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CALIFORNIA | LOCAL
June 7, 2013 | By a Times staff writer
“Night Stalker” Richard Ramirez had recently married when now-Los Angeles Times Staff Writer Christopher Goffard ran into him in the visiting area at San Quentin State Prison. Ramirez had already been sentenced to death after being convicted in 1989 of 13 murders, five attempted murders, 11 sexual assaults and 14 burglaries. Ramirez, who infamously yelled out “Hail Satan” in court and drew a pentagram - apparently in his own blood - in his jail cell, died Friday of natural causes.
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CALIFORNIA | LOCAL
December 19, 2009 | By Carol J. Williams and Jack Leonard
Los Angeles County sent more people to death row this year than Texas, Florida or any other state in the nation, condemning 13 convicted murderers -- the highest number in a decade, according to a Times review of justice statistics. The increase comes as a national report projects that the number of death sentences issued across the country this year will reach its lowest level since capital punishment was reinstated in 1976. Los Angeles County helped California buck that trend, boosting the state's death sentences from 20 last year to 29 so far this year, more than a quarter of the nationwide total of 106, according to a report released Friday by the nonprofit Death Penalty Information Center.
NATIONAL
December 24, 2010 | By Rick Rojas, Los Angeles Times
It's not that difficult to find the heart of this small east Texas city with wide-open spaces and lanky pine trees that breach the pale blue sky. Cruise past the 67-foot statue of Sam Houston (who's buried here), the town square and the plantation-style homes with the porches that wrap all the way around. Turn on to Avenue I, and there it stands: high, red brick walls the color of a schoolhouse. Inside are cramped cinderblock cells, inmates, guards and ? what put Huntsville on the map ?
CALIFORNIA | LOCAL
February 18, 2009 | Carol J. Williams
The killer of a 12-year-old Orange County girl who has spent 22 years fighting execution has died on death row, escaping what the victim's father termed "the justice the world deserved." Thomas Francis Edwards, 65, died of natural causes Saturday at San Quentin State Prison's medical facility, the California Department of Corrections and Rehabilitation reported Monday.
CALIFORNIA | LOCAL
December 12, 2013 | By Bettina Boxall
After Delbert Tibbs dropped out of a Chicago seminary in 1972, he went on the road, walking, hopping freight trains and taking odd jobs across the U.S. One day in early 1974, police stopped him near Ocala, Fla., and questioned him about a crime 220 miles to the south. The officers took some Polaroid snapshots of Tibbs and then, satisfied he wasn't involved, sent him on his way. About a month later, in Lee County, Miss., a highway patrolman stopped him again and arrested him for rape and murder.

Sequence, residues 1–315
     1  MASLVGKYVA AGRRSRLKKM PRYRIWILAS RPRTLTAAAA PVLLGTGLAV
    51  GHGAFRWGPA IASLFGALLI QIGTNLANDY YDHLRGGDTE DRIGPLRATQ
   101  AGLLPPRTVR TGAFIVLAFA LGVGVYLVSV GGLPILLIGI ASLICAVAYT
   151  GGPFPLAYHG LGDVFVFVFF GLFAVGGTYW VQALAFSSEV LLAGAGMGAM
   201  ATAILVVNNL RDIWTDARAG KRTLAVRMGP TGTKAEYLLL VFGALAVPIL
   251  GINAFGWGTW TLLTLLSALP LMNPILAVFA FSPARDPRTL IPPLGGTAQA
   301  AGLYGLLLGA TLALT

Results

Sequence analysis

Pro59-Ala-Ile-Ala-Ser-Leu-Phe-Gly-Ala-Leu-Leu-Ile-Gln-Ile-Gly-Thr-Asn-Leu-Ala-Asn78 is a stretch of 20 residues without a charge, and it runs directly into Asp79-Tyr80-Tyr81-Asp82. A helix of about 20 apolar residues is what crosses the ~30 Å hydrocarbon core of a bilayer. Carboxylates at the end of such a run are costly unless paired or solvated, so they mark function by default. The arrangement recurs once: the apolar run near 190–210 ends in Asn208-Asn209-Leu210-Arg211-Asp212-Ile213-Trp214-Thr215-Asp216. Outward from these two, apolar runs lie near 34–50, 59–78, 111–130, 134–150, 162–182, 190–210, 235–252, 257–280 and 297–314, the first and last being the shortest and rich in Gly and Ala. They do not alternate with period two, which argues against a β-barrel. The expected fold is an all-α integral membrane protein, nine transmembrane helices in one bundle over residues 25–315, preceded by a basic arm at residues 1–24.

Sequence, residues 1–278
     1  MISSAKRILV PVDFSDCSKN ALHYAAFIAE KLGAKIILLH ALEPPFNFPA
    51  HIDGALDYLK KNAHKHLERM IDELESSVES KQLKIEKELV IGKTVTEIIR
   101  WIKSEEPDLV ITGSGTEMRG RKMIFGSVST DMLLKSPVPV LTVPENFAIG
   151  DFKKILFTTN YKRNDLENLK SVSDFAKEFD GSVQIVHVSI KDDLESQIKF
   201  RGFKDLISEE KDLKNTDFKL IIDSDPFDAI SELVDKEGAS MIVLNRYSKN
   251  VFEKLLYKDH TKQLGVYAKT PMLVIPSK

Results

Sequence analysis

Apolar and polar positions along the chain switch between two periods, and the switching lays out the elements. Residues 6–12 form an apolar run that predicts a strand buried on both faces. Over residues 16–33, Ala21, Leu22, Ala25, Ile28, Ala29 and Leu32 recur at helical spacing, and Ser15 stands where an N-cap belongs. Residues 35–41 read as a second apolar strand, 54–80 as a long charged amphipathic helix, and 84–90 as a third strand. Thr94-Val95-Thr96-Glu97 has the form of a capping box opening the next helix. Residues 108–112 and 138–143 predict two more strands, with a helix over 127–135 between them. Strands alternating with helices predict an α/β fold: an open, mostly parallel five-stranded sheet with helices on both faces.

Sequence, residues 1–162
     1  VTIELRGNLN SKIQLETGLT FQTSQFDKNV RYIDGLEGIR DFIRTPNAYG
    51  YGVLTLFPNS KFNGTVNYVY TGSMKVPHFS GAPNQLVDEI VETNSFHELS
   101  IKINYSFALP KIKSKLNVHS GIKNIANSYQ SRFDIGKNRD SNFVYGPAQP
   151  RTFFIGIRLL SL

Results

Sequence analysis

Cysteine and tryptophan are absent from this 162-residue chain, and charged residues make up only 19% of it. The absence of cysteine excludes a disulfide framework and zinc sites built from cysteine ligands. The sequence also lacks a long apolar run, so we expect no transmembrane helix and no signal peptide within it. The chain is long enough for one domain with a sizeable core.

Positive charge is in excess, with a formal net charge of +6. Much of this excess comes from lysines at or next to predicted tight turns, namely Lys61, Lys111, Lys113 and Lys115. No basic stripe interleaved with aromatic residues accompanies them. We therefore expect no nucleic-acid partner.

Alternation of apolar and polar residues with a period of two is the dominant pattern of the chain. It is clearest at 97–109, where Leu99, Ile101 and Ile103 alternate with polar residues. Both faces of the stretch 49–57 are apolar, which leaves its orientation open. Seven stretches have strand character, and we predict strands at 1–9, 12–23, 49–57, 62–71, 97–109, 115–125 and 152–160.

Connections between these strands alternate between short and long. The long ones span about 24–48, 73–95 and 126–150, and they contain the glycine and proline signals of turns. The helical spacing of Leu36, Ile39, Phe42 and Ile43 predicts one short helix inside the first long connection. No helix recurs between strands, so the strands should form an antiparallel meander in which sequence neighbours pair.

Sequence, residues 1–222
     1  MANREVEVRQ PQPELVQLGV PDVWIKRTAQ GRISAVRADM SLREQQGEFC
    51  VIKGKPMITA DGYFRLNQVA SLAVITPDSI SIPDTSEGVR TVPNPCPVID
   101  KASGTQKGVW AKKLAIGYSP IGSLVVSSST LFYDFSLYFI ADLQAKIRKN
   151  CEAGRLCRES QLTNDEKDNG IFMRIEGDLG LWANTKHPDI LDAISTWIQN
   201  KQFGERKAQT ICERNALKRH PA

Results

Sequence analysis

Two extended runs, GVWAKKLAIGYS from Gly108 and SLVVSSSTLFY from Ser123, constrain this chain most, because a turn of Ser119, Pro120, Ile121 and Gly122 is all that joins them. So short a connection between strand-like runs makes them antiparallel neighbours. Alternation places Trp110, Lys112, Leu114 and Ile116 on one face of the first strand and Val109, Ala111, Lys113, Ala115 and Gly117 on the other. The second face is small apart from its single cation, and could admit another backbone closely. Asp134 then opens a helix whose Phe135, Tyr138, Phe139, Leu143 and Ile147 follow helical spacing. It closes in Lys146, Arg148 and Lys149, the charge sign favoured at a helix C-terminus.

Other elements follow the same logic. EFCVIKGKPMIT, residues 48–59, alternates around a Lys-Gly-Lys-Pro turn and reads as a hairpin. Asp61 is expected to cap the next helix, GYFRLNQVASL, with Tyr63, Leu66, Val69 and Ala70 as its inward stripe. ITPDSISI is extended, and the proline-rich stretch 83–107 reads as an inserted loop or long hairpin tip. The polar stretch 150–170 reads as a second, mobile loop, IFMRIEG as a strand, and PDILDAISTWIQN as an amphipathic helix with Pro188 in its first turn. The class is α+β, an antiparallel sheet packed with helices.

CALIFORNIA | LOCAL
October 9, 2012 | By Christopher Goffard, Los Angeles Times
SAN QUENTIN - John C. Abel is the first to admit he's led a crook's life. He robbed banks and convenience stores, grocery marts and check-cashing joints. He terrified people with Uzi-style Mac 11s and .22-caliber handguns, Browning pistols and Dirty Harry-style Magnums. His stickup jag dated to the 1960s and sliced through the country from Massachusetts to California. "Even a couple islands up there by Seattle," he adds, in the genial voice of an old ballplayer reminiscing about a far-traveling career.
OPINION
April 8, 2014 | By The Times editorial board
It's hard to get executions right. This week, the Supreme Court denied appeals by Louisiana and Missouri death row inmates who argued that they were entitled to know the source of the drugs with which they are to be executed, and that denial of that information compromises their right to due process. It's unclear why the court refused to hear the cases, but the underlying argument remains potent. Another challenge is underway in Oklahoma, where two inmates are seeking stays of execution because state officials have revised protocols on the fly as the lethal drugs they usually use have become more difficult to obtain.
OPINION
October 27, 2005
STANLEY "TOOKIE" WILLIAMS is a charismatic symbol of what's wrong with the death penalty -- and of what's wrong with the debate about the death penalty. His story of sin and redemption powerfully illustrates the unfairness of capital punishment. But to argue that capital punishment is unjust for some defendants is to concede that it may be acceptable for others. The reason to oppose capital punishment has to do with who we are, not who death row inmates are.
CALIFORNIA | LOCAL
January 17, 2006 | Henry Weinstein and Hector Becerra, Times Staff Writers
California prison officials executed 76-year-old murderer Clarence Ray Allen at the state prison here early today after his final appeal was turned down by the U.S. Supreme Court. His death was announced at 12:38 a.m. by Elaine Jennings of the Department of Corrections and Rehabilitation. Allen, who turned 76 Monday, was by far the oldest of the 13 convicts executed in the state since California restored the death penalty in 1977 and the second oldest in the nation.
NEWS
September 7, 2002
The killing of Tupac Shakur in 1996 followed years of conflict involving Shakur, rapper Notorious B.I.G., their record companies and their gang followers. November 1994 Shakur is shot five times and robbed in the lobby of a recording studio near Times Square in New York. He blames the ambush on Notorious B.I.G., whose real name is Christopher Wallace, and Sean "Puffy" Combs, right, head of Bad Boy Entertainment. 1995 Notorious B.I.G. records a song called "Who Shot Ya?
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